Frontline workers must receive long Covid supports – Naughten

In Disability, Families, Health, News by Denis Naughten


Denis Naughten has called on Government to ensure all frontline workers who contracted Covid through their employment, and who were subsequently forced out of work due to long Covid symptoms, are able to avail of supports until they are fit to return to work.

“At present, 120 frontline healthcare workers with long Covid are availing of a special leave scheme which will lapse in just 30 days. There are hundreds more frontline workers with long Covid, including healthcare workers who contracted Covid since 15 November 2021, who are now left without specific supports,” explained Denis Naughten.

While the government has been considering designating long Covid as an occupational illness since the Regional TDs secured the unanimous approval of the Dáil for such action last November, a decision is still awaited.

Responding to Deputy Naughten in the Dáil yesterday, Minister Heather Humphreys said: “Ultimately, it will be a Government decision as to how we deal with this matter, because, as we know, it was a whole-of-government response to Covid.”

Denis Naughten pointed out that frontline workers were publicly acknowledged in Dáil Éireann during the pandemic as risking their lives, and that of their families, to provide vital services and they cannot now be ignored when they need our support.

“We need to have long Covid designated as an occupational illness and if that does not happen in the coming weeks, we need to see government implement a suite of supports for staff unable to work due to these debilitating symptoms,” concluded Denis Naughten.


Editor’s Note:

Dáil debates

Tuesday, 30 May 2023

What are Dáil debates?

An tOrd Gnó – Order of Business

Denis Naughten (Roscommon-Galway, Independent)

Some 120 front-line healthcare workers with long Covid are on a special leave scheme that will stop in 31 days. Hundreds more front-line workers with long Covid, including healthcare workers who contracted Covid since 15 November 2021, are left without any specific supports. The Government has been considering designating long Covid as an occupational illness, but I want to know when the Minister for Social Protection, Deputy Humphreys, will make a decision on that designation. If long Covid is not designated as an occupational illness, what supports will be put in place for staff who are unable to work due to these debilitating symptoms?

Heather Humphreys (Cavan-Monaghan, Fine Gael)

I thank Deputy Naughten for raising this issue. I know he has raised it on a number of occasions. I have written to my colleagues, the Ministers for Health and Enterprise, Trade and Employment, and I will meet with them. Ultimately, it will be a Government decision as to how we deal with this matter, because, as we know, it was a whole-of-government response to Covid. I will meet with them shortly. We will progress at whatever stage and whatever decisions are made will be brought to Cabinet.



Wednesday, 3 May 2023

Denis Naughten (Roscommon-Galway, Independent)

  1. To ask the Minister for Health the reason the special Covid leave scheme will cease on 30 June 2023 despite the large number of healthcare staff on long-term leave due to long-Covid; if he will review this decision; the number availing of this scheme; and if he will make a statement on the matter. [20489/23]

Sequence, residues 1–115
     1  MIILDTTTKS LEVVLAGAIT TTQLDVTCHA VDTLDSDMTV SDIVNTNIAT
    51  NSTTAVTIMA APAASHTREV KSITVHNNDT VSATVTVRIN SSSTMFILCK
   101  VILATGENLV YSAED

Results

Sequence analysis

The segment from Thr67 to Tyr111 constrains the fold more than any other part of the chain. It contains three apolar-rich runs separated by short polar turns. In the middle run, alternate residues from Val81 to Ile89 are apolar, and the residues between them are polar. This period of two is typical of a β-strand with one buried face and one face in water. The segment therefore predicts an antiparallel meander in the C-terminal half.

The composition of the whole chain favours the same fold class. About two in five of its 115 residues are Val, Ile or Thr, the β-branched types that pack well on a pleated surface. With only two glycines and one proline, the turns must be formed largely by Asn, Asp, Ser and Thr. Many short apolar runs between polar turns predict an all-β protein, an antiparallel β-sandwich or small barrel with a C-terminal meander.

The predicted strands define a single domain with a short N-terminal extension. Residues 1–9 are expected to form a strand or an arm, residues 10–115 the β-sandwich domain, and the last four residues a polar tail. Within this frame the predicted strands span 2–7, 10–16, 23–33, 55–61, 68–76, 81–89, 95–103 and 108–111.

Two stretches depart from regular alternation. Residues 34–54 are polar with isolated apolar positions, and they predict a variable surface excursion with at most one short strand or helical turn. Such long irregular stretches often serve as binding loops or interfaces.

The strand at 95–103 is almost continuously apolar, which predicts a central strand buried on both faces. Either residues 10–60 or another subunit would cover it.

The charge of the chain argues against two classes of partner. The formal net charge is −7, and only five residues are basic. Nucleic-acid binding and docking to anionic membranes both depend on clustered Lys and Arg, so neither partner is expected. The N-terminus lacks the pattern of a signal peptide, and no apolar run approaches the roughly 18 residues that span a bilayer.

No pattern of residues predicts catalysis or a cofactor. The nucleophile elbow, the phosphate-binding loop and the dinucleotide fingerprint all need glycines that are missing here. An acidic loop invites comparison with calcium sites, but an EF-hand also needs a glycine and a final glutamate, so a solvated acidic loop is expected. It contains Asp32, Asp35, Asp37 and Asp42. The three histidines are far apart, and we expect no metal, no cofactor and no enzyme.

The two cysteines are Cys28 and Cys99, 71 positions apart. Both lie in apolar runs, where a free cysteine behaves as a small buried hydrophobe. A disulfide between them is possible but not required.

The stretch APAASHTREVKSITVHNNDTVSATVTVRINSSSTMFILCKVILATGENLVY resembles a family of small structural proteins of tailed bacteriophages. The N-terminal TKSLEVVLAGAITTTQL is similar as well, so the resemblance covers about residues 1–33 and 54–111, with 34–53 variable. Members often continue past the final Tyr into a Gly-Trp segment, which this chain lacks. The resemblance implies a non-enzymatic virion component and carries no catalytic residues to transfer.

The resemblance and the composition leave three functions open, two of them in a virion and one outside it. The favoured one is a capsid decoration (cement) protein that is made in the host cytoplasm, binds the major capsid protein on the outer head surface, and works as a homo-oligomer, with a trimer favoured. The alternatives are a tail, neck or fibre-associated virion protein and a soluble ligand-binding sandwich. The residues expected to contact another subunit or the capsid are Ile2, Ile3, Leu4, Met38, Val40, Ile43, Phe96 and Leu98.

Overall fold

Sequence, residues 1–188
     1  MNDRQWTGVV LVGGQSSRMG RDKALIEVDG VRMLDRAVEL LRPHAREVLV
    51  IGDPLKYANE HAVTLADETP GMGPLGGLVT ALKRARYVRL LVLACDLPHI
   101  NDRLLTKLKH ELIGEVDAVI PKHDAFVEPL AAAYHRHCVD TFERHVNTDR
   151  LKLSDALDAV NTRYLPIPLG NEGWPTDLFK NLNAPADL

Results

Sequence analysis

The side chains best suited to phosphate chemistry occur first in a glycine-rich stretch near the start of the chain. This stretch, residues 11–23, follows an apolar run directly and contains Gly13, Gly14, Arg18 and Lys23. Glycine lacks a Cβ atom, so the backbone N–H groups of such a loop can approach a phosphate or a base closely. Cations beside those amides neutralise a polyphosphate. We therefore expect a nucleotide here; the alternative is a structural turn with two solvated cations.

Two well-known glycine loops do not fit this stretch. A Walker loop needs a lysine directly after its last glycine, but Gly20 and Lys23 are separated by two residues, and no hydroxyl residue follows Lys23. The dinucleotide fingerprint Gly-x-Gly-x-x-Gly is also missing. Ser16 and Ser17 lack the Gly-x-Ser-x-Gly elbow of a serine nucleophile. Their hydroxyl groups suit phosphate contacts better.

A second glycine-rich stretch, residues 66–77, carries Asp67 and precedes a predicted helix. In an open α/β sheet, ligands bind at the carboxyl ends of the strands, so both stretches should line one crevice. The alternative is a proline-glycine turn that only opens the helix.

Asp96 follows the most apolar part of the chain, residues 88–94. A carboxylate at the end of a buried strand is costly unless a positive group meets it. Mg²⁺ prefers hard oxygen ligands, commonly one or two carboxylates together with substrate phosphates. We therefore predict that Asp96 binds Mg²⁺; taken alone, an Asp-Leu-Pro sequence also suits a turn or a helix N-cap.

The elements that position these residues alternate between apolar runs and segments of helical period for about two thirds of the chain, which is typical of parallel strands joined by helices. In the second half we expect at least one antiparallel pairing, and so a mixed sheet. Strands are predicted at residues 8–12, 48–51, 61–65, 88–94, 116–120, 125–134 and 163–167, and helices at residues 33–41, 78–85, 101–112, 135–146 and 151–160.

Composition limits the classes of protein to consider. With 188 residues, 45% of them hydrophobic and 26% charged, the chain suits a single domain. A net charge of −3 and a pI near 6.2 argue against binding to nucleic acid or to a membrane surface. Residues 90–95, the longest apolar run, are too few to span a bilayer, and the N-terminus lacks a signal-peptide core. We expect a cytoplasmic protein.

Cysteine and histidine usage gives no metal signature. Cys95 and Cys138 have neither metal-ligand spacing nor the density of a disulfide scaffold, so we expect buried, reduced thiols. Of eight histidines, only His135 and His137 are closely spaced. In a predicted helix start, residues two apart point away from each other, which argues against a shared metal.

Stephen Donnelly (Wicklow, Fianna Fail)

The Special Scheme of Paid Leave in respect of long-Covid introduced for a certain cohort of staff in the public health sector is a temporary Scheme, and as the Deputy has pointed out, is due to conclude at the end of June. At present, those who remain unwell beyond that date may utilise the provisions of the Public Service Sick Leave Scheme.

I am keenly aware of the impact of the Scheme concluding on employees, and I have asked officials in my Department to review options in this regard.

The HSE have advised me that there are approximately 120 employees currently on the special scheme of paid leave.



Written answers

Thursday, 18 May 2023

Denis Naughten (Roscommon-Galway, Independent)

  1. To ask the Minister for Employment Affairs and Social Protection the current status of her consideration of long Covid as an occupational illness for front-line workers; if she has been furnished with a final reply from the Minister for Health; and if she will make a statement on the matter. [23910/23]

Heather Humphreys (Cavan-Monaghan, Fine Gael)

Occupational Injuries Benefit is an income support provided by my Department to those injured at work or travelling to and from work, or who contracted a prescribed disease at work.

Covid-19 does not constitute a prescribed disease or illness as set out in the Social Welfare Consolidation Act 2005 as it does not meet the criteria laid down in the Act. Section 87(2) of the Act states that a disease or injury shall be prescribed for the purposes of this section in relation to any insured persons, where the Minister is satisfied that—

(a) it ought to be treated, having regard to its causes and any other relevant considerations, as a risk of their occupations and not as a risk common to all persons, and

(b) it is such that, in the absence of special circumstances, the attribution of particular cases to the nature of the employment can be established or presumed with reasonable certainty.

The decision on whether to recognise an illness as an occupational illness is a Member State competence. My Department is aware of the recommendation of the European Commission regarding Covid-19 and has consulted with other relevant departments and Ministers on the matter, including the Minister for Health, and the replies received are currently under consideration.

I trust this clarifies the matter for the Deputy.